Burt Grossman
Personal information
Born: (1967-04-10) April 10, 1967 (age 56)
Philadelphia, Pennsylvania, U.S.
Height:6 ft 4 in (1.93 m)
Weight:275 lb (125 kg)
Career information
High school:Radnor (PA) Archbishop Carroll
NFL draft:1989 / Round: 1 / Pick: 8
Career history
As a player:
As a coach:
Career highlights and awards
Career NFL statistics
Forced fumbles:3
Head coaching record
Regular season:1–13 (.071)
Player stats at NFL.com

Burt L. Grossman (born April 10, 1967) is an American former professional football player who was a defensive end in the National Football League (NFL).


Before becoming a professional, Grossman played college football at the University of Pittsburgh where he was a three-time All-ECAC selection. In 1989, he was selected with the eighth overall pick in the first round by the San Diego Chargers.[1]

Grossman played six seasons in the NFL: five for the San Diego Chargers (1989–1993) and one for the Philadelphia Eagles (1994). As an NFL player, Grossman's accomplishments include forty-five quarterback sacks and three safeties.[2]

Grossman appeared on the October 15, 1990, edition cover of Sports Illustrated under the title "Big Mouth," which chronicled his outspoken and outlandish personality.[3] In 1996, he suffered a career-ending neck injury.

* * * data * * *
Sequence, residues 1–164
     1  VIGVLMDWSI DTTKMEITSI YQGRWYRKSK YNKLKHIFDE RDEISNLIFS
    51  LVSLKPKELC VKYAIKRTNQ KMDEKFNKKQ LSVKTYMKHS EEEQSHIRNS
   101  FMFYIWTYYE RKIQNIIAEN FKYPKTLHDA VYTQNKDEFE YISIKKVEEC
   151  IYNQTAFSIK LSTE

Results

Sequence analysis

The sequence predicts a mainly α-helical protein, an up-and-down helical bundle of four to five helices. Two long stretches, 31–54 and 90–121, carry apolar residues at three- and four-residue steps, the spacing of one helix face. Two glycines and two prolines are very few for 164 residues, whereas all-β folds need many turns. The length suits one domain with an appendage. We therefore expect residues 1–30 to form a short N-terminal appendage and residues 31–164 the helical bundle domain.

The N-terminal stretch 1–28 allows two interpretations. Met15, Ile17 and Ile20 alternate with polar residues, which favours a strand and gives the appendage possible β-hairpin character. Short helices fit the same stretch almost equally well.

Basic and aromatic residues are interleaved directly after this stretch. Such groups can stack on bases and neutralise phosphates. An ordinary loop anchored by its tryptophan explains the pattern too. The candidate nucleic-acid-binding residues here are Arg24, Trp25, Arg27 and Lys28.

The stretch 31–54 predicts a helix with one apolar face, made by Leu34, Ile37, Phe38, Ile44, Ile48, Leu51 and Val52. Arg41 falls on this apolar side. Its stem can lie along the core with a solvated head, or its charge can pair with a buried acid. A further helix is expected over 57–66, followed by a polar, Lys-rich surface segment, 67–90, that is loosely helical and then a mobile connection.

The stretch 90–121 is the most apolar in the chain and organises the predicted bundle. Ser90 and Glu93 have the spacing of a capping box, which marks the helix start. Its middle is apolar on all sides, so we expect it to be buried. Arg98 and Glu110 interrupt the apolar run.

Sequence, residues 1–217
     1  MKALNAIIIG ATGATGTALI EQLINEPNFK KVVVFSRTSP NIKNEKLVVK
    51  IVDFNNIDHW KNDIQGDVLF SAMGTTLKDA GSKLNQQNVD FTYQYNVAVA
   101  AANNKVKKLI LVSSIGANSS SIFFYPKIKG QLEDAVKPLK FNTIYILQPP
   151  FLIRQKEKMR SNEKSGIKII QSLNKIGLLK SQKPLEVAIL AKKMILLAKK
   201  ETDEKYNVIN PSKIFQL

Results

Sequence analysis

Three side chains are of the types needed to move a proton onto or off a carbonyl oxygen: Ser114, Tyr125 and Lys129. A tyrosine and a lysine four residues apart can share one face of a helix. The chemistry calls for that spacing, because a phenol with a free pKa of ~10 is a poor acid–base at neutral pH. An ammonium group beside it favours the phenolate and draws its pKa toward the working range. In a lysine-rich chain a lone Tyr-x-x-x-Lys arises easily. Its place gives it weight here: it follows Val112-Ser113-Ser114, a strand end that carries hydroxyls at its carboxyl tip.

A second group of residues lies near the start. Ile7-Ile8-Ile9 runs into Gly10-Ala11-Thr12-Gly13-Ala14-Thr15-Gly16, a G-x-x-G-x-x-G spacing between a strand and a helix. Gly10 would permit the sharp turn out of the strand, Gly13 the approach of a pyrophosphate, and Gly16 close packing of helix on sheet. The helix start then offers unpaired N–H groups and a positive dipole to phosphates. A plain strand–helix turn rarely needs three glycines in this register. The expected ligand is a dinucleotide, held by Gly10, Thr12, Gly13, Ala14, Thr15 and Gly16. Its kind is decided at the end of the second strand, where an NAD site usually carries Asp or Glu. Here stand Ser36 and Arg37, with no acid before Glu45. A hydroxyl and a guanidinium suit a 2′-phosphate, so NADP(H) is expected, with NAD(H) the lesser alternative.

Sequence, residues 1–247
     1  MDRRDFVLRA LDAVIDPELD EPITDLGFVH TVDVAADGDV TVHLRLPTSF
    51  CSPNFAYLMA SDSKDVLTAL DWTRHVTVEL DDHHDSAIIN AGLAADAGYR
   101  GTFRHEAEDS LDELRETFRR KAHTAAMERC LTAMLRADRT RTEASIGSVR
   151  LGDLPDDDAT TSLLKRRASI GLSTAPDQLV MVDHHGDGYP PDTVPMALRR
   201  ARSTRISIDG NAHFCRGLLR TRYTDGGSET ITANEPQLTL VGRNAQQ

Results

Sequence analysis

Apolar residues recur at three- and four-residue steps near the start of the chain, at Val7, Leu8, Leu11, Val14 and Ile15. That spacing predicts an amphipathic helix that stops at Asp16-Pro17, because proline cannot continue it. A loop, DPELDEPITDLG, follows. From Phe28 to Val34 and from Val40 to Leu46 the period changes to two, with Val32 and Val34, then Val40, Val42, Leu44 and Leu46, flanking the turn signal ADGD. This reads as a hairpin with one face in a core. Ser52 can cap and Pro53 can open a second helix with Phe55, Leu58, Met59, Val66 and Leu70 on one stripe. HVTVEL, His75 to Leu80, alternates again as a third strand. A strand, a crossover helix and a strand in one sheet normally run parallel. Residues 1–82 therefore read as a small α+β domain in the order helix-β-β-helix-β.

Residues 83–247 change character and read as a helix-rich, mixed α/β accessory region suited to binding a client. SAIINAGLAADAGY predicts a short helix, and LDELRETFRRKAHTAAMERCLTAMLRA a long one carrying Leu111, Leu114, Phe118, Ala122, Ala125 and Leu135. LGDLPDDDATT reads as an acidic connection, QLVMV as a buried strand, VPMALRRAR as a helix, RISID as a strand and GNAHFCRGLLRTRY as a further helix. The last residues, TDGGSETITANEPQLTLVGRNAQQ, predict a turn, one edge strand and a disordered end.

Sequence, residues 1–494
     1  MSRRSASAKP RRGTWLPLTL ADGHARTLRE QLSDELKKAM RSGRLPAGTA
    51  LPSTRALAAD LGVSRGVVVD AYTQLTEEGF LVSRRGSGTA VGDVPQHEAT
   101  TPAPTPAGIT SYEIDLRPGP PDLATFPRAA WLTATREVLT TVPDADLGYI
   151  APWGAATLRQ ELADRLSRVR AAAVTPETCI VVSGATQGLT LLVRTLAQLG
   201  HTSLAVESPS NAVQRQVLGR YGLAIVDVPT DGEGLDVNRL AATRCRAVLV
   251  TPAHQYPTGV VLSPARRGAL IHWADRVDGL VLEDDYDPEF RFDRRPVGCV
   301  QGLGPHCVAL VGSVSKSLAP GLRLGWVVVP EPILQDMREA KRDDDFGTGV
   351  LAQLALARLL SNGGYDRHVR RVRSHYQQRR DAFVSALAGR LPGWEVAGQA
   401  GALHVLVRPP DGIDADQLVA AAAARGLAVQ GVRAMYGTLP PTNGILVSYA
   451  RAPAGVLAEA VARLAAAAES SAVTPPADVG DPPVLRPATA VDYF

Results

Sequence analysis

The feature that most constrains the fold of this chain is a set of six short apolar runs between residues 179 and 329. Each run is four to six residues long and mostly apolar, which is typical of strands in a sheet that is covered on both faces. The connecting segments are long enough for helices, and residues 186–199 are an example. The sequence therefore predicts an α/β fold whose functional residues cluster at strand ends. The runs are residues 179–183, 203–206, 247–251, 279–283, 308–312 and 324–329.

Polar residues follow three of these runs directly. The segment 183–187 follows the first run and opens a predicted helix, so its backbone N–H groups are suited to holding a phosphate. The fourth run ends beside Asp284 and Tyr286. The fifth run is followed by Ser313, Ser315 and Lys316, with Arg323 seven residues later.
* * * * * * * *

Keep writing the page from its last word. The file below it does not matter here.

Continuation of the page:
After football, Grossman was hired by WCAU in Philadelphia for its program, Eagles Hour. The program won an Emmy in 1995, as well as earning him an Emmy as best sports reporter.[4] In 1996, he published the book The Way Things Ought to Be with Bill Kushner. Currently, he is a contributor for the website "The National Football Post."[5]

In 2019, he became the head coach of the San Diego Strike Force in the Indoor Football League.[6] The team went 1–13 in his first season.[7] The team played one game, a 50–36 win over the Bismarck Bucks, before the 2020 season was cancelled due to the COVID-19 pandemic. San Diego then withdrew from the 2021 season due to the pandemic and Grossman did not return to the Strike Force for the 2022 season.[8]

He is a cousin of former Pittsburgh Steelers tight end Randy Grossman.[citation needed]


  1. ^ "1989 NFL Draft Listing". Pro-Football-Reference.com. Retrieved May 26, 2023.
  2. ^ "Burt Grossman Career Stats". NFL.com.
  3. ^ "SI Vault - Oct. 15, 1990 - Page 1". www.si.com. Retrieved October 27, 2016.
  4. ^ "Yahoo | Mail, Weather, Search, Politics, News, Finance, Sports & Videos". Archived from the original on October 25, 2009.
  5. ^ "Burt Grossman Posts | National Football Post". Archived from the original on July 4, 2010. Retrieved June 23, 2010.
  6. ^ "Strike Force Name Head Coach". IFL. January 10, 2019.
  7. ^ Krasovic, Tom (March 4, 2020). "Column: Burt Grossman says overhaul bodes well for Strike Force to bounce back after first-year chaos". The San Diego Union-Tribune. Retrieved July 4, 2020.
  8. ^ "SAN DIEGO STRIKE FORCE NAMES DAVID BEEZER AS HEAD COACH". San Diego Strike Force. November 17, 2021.